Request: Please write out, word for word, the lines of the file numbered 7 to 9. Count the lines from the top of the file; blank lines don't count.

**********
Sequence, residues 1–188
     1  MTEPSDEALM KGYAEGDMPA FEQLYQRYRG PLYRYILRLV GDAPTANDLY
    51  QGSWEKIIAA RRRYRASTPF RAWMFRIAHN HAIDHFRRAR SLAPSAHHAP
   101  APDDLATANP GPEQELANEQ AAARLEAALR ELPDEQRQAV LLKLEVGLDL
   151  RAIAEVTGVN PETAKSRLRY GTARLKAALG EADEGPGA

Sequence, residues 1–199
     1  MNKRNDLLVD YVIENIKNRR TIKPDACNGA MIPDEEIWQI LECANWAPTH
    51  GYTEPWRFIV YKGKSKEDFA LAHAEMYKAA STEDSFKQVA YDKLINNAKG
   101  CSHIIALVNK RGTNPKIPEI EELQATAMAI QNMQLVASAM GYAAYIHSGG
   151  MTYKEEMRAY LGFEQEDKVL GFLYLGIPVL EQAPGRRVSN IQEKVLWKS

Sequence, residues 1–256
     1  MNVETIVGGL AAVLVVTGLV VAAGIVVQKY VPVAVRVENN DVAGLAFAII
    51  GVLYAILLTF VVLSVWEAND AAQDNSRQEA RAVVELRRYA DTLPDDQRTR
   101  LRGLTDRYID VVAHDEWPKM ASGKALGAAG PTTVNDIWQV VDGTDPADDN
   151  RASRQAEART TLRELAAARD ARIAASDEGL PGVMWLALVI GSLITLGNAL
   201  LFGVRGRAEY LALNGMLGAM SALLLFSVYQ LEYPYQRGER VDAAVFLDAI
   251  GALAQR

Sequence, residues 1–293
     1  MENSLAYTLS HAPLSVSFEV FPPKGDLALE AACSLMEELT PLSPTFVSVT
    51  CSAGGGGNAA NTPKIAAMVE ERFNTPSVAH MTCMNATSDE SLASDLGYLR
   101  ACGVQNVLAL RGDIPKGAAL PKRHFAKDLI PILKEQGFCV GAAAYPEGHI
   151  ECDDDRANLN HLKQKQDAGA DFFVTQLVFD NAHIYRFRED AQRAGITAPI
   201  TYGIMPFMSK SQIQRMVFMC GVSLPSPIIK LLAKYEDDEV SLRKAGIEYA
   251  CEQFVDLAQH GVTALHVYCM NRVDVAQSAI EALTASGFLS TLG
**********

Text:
     1  MNKRNDLLVD YVIENIKNRR TIKPDACNGA MIPDEEIWQI LECANWAPTH
    51  GYTEPWRFIV YKGKSKEDFA LAHAEMYKAA STEDSFKQVA YDKLINNAKG
   101  CSHIIALVNK RGTNPKIPEI EELQATAMAI QNMQLVASAM GYAAYIHSGG